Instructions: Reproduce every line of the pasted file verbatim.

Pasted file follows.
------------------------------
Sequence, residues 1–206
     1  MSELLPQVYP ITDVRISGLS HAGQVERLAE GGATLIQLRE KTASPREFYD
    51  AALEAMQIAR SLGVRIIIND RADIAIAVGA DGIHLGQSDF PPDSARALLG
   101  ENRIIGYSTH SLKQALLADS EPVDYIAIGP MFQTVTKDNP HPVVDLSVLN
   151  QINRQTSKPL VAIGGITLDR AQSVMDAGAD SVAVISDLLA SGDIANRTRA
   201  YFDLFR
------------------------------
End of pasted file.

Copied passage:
Sequence, residues 1–206
     1  MSELLPQVYP ITDVRISGLS HAGQVERLAE GGATLIQLRE KTASPREFYD
    51  AALEAMQIAR SLGVRIIIND RADIAIAVGA DGIHLGQSDF PPDSARALLG
   101  ENRIIGYSTH SLKQALLADS EPVDYIAIGP MFQTVTKDNP HPVVDLSVLN
   151  QINRQTSKPL VAIGGITLDR AQSVMDAGAD SVAVISDLLA SGDIANRTRA
   201  YFDLFR